Last week, members of the Clarendon community had the opportunity to attend a presentation by Bernard Salt AM.
Bernard, widely regarded as one of Australia’s leading social commentators, heads The Demographics Group which provides specialist advice on demographic, consumer and social trends for business. He also famously popularised the phrase “smashed avo”, which took-off globally after an article he published in 2016.
Bernard tailored his presentation to the Clarendon community – ‘Australia at 2030 & beyond: The skills our kids will need’.
Zoning in on Ballarat, Bernard spoke about the impact of the pandemic on society, including which occupations were favoured in 2016-2021 versus 2011-2016, the ‘Great Appification of Australia’, and how the typical house has developed into a working-from-home space with a ‘zoom room’.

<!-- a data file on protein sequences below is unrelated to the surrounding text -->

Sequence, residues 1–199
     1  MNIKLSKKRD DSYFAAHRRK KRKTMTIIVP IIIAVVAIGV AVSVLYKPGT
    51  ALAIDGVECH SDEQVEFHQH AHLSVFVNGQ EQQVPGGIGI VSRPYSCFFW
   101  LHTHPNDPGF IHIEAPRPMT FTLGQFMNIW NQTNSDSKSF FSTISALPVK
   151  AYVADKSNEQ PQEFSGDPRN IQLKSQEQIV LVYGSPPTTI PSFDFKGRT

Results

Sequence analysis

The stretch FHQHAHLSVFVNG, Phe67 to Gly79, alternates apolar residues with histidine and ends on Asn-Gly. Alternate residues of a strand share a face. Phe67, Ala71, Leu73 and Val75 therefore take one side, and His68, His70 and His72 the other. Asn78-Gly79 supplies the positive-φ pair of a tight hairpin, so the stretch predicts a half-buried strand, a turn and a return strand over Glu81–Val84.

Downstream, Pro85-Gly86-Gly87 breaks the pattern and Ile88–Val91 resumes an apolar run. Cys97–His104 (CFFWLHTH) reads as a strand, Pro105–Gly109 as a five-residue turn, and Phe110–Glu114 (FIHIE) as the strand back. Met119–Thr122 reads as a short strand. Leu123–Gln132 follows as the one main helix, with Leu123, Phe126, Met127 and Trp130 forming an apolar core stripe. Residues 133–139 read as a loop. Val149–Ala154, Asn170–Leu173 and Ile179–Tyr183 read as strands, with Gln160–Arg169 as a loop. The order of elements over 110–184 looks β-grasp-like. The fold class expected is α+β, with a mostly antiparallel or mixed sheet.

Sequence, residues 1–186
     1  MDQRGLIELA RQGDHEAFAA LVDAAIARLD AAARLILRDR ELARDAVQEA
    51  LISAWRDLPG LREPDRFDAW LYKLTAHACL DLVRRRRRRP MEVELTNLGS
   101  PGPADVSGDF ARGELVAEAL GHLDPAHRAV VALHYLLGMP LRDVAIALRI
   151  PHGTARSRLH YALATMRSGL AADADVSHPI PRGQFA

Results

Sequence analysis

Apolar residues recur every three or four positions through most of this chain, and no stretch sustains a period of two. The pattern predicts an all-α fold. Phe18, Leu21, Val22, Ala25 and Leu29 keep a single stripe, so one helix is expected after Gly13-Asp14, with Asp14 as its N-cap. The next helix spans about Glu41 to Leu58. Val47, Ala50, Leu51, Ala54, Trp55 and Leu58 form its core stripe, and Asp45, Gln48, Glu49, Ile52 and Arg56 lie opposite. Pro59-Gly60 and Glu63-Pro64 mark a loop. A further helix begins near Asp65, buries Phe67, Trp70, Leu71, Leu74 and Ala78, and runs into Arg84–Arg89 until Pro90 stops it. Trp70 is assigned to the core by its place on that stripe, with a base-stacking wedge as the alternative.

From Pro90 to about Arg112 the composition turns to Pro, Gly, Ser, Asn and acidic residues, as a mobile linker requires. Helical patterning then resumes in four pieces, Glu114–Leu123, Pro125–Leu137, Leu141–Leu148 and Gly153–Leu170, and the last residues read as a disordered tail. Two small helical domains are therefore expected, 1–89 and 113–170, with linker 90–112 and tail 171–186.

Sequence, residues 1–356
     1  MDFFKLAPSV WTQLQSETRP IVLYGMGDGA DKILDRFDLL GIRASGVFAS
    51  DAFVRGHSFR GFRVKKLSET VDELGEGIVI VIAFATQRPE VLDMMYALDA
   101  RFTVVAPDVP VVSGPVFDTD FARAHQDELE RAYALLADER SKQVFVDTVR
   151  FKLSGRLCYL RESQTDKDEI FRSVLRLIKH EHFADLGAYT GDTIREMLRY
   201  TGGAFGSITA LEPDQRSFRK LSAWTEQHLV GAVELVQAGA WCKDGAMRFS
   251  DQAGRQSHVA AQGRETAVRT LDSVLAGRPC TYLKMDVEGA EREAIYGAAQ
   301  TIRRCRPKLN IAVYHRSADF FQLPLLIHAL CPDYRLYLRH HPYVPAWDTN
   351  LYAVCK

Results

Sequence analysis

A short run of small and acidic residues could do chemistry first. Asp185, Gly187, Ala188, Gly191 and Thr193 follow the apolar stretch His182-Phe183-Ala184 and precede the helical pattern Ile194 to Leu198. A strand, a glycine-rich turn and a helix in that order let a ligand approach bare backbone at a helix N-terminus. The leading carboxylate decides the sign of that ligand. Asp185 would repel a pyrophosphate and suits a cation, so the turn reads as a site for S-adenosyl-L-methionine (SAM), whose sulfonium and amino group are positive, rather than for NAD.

As a demographer, Bernard addressed his love for inventing acronyms. Some of his favourites include PUMCINS, Professional Urban Middle Class In Nice Suburbs, KIPPERS, Kids In Parents Pockets Eroding Retirement Savings and, VESPAs, Virus Escapees Seeking Provincial Australia.
“It is amazing how Bernard can draw on a range of data to predict social change,” said Old Collegian and Board member, Laura van Dyk (2002). “His comments around the changing demographic of Ballarat with incoming migrants and VESPAs was particularly interesting for shaping the future of Ballarat.”
Bernard concluded his presentation with his view that the future belongs to the skilled, technologically proficient, and to those with the capacities to adapt to any situation.
“This will require qualification, competency in sociability and also in entrepreneurship,” said Bernard. “There are skills that are learnt at university or at trade school, but many of the skills of the future are learnt at home and at school. The skills of being self-confident, social, flexible or fitting into any situation are so important, and they will increasingly become more so.”
We are grateful to our sponsors, Hygge Property, Nevetts Lawyers, JB Were and National Australia Bank, who made the event possible.